For those who are unfamiliar with the game, Yoshi’s Cookie was a puzzle game released for the NES and Gameboy (and later on, SNES) where the player is presented with a grid of cookies and has to rearrange lines in order to match cookies and clear the board before it overflows. Its something you may have played it either on one of it’s original consoles or on the Virtual Console on the Wii, and on the whole it’s a fun if fairly unremarkable game. But what is remarkable is that it has a received a virtually unknown semi-sequel that has become one of the rarest and most valuable games on the SNES.
Yoshi no Cookie: Kuruppon Oven de Cookie was released only in Japan and was only available as a promotional prize to anyone who purchased a Kuruppon Oven from a company called National Human Electronics (really just another arm of Panasonic). A free videogame with the purchase of an oven was a werid promotion, and the people of Japan seemed to agree since only around 500 people claimed their prize. This, of course, makes the game incredibly hard to find in 2014*.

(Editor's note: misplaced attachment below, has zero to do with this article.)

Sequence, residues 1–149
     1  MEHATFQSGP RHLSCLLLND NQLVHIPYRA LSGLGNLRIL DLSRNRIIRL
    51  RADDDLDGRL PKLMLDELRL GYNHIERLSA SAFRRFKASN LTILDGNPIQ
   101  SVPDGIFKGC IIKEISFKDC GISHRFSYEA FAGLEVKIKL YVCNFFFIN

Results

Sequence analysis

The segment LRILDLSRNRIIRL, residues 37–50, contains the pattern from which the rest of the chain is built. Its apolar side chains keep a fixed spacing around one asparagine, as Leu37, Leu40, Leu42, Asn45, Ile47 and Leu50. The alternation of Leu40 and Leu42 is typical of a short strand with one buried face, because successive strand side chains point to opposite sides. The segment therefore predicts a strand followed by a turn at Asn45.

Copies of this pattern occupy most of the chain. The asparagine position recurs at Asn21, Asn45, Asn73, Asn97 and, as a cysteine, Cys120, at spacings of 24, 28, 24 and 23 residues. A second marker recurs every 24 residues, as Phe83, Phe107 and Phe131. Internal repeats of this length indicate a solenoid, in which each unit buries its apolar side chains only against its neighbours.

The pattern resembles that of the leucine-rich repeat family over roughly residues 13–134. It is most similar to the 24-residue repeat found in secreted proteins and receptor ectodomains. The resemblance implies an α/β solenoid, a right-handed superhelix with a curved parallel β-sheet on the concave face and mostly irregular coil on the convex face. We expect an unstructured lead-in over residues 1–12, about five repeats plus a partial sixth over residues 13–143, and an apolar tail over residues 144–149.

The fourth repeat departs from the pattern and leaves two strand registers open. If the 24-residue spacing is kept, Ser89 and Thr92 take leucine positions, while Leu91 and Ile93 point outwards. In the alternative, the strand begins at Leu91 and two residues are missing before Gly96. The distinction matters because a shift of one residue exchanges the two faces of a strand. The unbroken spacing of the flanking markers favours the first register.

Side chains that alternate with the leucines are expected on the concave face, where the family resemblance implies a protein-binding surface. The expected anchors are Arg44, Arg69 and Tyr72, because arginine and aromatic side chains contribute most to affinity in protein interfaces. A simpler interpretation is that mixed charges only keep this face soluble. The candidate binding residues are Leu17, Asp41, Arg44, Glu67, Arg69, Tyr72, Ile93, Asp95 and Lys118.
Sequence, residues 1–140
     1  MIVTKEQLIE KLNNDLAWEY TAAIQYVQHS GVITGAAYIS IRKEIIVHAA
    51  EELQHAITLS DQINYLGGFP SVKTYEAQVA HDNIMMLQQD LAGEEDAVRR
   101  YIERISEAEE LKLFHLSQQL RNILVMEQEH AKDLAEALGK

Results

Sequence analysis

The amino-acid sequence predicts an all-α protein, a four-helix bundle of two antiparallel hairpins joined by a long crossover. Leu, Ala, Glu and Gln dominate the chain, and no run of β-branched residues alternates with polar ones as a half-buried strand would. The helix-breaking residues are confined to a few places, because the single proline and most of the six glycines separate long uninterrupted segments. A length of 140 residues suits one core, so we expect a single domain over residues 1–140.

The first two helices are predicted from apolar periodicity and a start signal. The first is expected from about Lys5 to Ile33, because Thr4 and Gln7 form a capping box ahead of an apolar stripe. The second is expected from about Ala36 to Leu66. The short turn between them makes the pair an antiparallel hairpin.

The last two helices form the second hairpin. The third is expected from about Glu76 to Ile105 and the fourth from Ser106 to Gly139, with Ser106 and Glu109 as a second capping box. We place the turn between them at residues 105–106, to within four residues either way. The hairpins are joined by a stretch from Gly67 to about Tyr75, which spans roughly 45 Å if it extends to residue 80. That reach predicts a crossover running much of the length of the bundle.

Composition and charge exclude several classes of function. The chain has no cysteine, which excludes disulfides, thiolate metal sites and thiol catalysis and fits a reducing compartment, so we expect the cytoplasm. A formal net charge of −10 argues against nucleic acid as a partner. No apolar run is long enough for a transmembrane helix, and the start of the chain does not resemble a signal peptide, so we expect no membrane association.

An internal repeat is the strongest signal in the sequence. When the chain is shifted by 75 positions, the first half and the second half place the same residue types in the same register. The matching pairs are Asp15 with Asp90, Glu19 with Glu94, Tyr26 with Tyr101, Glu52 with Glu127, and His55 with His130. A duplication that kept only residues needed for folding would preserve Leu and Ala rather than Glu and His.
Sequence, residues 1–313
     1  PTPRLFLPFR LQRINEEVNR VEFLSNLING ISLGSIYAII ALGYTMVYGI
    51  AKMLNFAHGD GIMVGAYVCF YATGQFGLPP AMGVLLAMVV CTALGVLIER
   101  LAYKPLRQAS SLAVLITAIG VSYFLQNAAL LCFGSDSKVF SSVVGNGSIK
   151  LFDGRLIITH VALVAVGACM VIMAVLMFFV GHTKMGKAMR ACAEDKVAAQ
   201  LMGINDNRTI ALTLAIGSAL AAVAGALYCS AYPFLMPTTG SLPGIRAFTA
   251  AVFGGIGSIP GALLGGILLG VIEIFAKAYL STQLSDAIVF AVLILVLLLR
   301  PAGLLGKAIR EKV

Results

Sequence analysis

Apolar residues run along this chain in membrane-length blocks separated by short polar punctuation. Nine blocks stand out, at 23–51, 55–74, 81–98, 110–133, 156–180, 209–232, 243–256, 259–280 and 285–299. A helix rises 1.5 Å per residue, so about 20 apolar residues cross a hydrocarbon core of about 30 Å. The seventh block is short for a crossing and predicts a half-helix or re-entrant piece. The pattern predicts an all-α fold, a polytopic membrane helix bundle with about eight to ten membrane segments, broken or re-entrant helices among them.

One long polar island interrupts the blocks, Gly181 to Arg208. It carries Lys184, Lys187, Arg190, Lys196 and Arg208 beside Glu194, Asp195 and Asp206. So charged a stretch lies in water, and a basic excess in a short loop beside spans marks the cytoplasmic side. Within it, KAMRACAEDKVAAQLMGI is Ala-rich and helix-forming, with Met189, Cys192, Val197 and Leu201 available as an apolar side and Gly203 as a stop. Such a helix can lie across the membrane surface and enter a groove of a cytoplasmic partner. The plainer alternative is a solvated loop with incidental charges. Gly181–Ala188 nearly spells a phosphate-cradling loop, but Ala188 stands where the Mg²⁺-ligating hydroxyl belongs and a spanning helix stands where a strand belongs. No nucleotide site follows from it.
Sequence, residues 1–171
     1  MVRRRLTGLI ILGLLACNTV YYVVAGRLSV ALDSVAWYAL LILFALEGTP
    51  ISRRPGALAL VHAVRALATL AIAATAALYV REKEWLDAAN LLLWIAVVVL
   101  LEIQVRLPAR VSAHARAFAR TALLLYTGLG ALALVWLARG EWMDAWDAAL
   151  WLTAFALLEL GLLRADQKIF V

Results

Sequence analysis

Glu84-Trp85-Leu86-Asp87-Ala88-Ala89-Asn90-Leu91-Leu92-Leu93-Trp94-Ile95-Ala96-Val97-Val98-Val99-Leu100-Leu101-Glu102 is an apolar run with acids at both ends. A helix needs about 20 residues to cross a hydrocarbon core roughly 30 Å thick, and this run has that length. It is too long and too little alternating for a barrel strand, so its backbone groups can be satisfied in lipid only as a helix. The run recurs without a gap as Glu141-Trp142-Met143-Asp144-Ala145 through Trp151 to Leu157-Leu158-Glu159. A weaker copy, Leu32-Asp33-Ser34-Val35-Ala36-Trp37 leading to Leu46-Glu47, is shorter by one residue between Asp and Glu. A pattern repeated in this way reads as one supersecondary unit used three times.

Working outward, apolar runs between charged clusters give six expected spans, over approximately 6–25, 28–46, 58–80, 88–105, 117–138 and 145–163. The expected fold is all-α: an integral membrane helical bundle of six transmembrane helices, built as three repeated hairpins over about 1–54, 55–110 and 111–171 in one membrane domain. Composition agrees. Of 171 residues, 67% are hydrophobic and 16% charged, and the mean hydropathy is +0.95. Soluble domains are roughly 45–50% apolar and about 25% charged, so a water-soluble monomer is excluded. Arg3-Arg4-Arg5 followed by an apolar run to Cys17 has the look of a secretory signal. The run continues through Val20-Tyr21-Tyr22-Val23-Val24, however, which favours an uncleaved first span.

Surprisingly, Kuruppon Oven de Cookie isn’t just a reskinned version of Yoshi’s Cookie with the National Human Electronics logo attached; its an expanded version of the game with content not found anywhere else. This version of the game features a world map that Yoshi can wander around in order to find ingredients that can be used to bake a Piranha Plant flavored cookie. Players can also find actual recipes throughout the world that teach them how to make real life versions of the cookies from the game (presumably in their brand new Kuruppon Ovens).
Yoshi no Cookie: Kuruppon Oven de Cookie is a one of a kind game and an interesting piece of gaming history. It’s one of the the few examples of Nintendo-sanctioned advergaming and it certainly has a very strange story behind it. It’s probably not worth tracking down since, when you get right down to it, it’s just Yoshi’s Cookie with some added recipes and a superfluous world map, but the story behind the game is why I’m glad it exists.
* I want to say that it’s rarity also makes the game incredibly expensive, but truth be told I can’t find a single record of it being sold. But I did manage to find a picture of the game with a price sticker of 157,000 yen (roughly $1500 USD), but it may not have sold at that price. Still, it’s probably really expensive.